Like many people across the globe, Ian Tran’s business took a coronavirus hit. He’s the director of Sydney-based laser cutting and 3D-printing design studio, Domus Vim, which collaborates with architects and designers to make installations, models, prototypes and sculptures.

“Most of our clients are retailers, artists, installation designers and university students, and most of them have been affected by coronavirus. After Vivid was cancelled, pretty much all of our clients pulled out of jobs within two days,” Tran tells Broadsheet.

With the extra time on his hands, Tran started cooking up ways to keep creative. Using offcuts of perspex he’d accumulated from past projects, he started recreating dishes from his favourite restaurants and sharing them on his Instagram account Dinner A La Perspex.

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So far this includes the Yamba sardines with fennel oil from Paddington’s innovative seafood diner Saint Peter; the smoked ham, pineapple and breadsticks from Newtown’s Cafe Paci; and Belles Hot Chicken’s Sex Panther chicken with chips and pickles. Sydney’s most famous pizza, Bella Brutta’s clam pizza, has also been immortalised in plastic. As has the city’s uber-famous A1 Canteen sandwich, the muffuletta.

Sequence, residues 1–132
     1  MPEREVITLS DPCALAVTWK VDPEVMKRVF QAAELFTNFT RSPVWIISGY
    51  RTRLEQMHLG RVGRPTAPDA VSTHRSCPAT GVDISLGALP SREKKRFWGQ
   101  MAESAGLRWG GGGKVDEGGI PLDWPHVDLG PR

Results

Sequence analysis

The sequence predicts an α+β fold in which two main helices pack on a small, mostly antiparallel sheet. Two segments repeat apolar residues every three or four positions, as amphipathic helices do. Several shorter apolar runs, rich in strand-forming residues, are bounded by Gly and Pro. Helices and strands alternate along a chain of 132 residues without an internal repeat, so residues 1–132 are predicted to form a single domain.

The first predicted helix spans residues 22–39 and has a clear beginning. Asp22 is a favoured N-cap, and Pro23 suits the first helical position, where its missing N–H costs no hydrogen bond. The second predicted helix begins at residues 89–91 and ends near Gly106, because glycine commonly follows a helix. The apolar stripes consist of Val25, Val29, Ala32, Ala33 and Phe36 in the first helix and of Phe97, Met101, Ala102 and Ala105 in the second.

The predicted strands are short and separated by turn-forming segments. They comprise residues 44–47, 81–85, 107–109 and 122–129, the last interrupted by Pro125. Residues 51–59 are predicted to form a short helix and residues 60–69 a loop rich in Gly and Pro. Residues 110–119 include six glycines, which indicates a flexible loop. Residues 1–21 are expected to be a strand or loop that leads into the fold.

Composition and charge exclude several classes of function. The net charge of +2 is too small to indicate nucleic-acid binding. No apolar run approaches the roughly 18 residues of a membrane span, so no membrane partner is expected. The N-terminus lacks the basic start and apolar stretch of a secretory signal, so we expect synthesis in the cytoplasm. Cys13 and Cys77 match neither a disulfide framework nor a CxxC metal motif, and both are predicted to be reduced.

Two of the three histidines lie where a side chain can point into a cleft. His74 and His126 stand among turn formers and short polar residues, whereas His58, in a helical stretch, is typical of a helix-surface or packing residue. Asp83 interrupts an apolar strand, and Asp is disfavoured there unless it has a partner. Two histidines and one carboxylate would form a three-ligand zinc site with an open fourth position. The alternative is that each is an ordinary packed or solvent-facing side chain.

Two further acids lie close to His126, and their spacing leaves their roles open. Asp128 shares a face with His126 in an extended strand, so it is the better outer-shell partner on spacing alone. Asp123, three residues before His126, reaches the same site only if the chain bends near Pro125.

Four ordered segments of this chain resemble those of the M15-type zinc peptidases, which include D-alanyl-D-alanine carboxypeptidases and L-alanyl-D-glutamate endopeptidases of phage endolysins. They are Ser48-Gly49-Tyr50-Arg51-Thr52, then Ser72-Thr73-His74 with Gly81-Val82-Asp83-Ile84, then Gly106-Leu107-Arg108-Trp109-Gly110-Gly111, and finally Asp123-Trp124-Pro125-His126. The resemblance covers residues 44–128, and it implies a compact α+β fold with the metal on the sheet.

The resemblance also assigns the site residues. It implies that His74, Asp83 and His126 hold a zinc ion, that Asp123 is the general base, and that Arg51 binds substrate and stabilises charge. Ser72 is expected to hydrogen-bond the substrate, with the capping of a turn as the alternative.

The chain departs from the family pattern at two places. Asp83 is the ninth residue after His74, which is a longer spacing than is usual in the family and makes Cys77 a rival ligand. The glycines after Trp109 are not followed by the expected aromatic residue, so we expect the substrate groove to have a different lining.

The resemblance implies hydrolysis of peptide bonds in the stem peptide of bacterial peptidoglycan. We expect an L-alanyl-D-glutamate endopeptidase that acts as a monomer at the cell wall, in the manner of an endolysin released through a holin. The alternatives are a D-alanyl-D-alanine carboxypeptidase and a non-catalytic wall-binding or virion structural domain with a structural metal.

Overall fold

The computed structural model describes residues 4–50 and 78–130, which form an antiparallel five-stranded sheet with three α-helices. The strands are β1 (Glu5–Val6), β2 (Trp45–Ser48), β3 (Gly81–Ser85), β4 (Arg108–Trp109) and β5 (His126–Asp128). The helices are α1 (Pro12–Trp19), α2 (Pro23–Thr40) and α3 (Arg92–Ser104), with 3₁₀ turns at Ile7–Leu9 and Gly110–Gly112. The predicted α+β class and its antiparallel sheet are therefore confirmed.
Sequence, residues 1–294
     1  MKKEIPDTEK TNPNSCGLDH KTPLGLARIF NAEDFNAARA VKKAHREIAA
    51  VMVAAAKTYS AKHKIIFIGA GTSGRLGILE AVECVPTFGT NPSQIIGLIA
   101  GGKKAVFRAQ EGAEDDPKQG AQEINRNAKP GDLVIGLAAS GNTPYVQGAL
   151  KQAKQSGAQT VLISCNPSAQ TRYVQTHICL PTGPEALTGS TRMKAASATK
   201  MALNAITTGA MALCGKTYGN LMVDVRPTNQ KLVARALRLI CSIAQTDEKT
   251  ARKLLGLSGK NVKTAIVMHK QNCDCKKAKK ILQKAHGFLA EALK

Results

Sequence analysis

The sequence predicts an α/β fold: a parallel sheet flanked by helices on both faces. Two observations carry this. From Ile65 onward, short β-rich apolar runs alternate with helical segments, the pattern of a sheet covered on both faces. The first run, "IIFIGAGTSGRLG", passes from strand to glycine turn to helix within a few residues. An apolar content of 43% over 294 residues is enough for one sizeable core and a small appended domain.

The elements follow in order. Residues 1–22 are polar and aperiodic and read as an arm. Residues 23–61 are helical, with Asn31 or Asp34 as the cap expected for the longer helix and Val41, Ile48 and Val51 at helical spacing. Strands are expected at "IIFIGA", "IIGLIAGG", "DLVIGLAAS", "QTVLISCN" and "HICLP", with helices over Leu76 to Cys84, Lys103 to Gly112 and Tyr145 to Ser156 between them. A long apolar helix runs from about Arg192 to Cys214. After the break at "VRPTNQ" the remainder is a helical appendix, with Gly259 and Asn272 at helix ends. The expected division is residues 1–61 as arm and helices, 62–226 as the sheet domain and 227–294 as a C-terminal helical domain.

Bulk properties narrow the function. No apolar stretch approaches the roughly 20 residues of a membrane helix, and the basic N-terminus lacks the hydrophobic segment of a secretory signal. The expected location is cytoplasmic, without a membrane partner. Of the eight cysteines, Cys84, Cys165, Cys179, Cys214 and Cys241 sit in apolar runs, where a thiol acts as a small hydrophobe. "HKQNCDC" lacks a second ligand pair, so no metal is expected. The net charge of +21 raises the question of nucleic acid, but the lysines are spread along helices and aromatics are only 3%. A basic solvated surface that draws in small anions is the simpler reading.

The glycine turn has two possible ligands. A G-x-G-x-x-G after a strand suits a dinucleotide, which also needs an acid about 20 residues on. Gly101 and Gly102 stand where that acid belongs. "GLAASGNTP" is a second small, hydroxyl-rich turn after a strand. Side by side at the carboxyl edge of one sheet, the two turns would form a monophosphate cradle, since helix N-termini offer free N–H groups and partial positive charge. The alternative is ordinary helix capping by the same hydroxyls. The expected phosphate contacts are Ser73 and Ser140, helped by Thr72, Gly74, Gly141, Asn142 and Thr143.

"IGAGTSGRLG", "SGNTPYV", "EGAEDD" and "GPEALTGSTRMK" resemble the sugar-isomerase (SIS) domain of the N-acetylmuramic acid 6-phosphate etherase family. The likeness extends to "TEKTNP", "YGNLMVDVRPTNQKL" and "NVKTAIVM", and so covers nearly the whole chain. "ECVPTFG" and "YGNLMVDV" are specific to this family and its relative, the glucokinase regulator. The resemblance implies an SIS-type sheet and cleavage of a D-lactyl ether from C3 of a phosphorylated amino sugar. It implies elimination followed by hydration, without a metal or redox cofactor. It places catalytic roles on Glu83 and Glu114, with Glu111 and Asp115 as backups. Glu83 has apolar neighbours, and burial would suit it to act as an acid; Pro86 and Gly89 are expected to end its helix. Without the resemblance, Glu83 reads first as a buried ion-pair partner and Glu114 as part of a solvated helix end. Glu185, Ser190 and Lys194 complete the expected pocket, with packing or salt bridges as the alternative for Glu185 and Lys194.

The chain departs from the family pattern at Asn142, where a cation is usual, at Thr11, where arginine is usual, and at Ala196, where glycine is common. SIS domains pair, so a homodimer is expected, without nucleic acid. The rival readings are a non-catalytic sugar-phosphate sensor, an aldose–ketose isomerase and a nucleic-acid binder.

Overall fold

They each take him about 30 minutes to an hour to create; although as he takes on more challenging recipes (particularly those with smooth edges), they’ll start to take longer. That’s okay, says Tran. It’s a nice therapeutic test of his skills.

Tran’s decided to only make meals from restaurants he’s dined at and eaten, and uses photos he’s personally taken of the dishes to recreate the plastic masterpieces. It’s led to chefs inviting him to their venues so he can preserve their dishes.

“I’ve had Mike Eggert from Totti’s message saying he’ll swap an ice-cream sandwich for an ice-cream sandwich, and Nick Hill from The Old Fitz ask if he could trade a pie for a pie,” says Tran. “I’ve got meals booked for all next week. It’s pretty funny, but it’s great.”

Josh Niland from Saint Peter has already received his perspex lemon tart, and Tran’s fielded calls from Melbourne chefs to visit – a “business” trip to the Victorian capital is on the cards once borders reopen.

But if you ask him which chef he’d most like to hear from, there is no hesitation: Mat Lindsay from Chippendale’s Ester. It’s the only account his Dinner A La Perspex Instagram page follows apart from Domus Vim.

It’s not just chefs who are interested in purchasing Tran’s plates of perspex. “I’m actually working on an online shop right now,” he says. “But I’ve never done this e-commerce thing before. It’s all new territory.”

It should launch any day now and the plan is to release a new “menu” each fortnight that features one snack, one entree, one main and one dessert. Because they are made with recycled offcuts, he’ll only be able to make limited numbers – maybe five or six of each.

They’re going to cost between $65 to $90 depending on the amount of acrylic used, and we predict they’ll prove as popular as the original dishes.

Looking for more mementos of your fave Sydney dishes? Check out our story on Good Food Crap Drawing.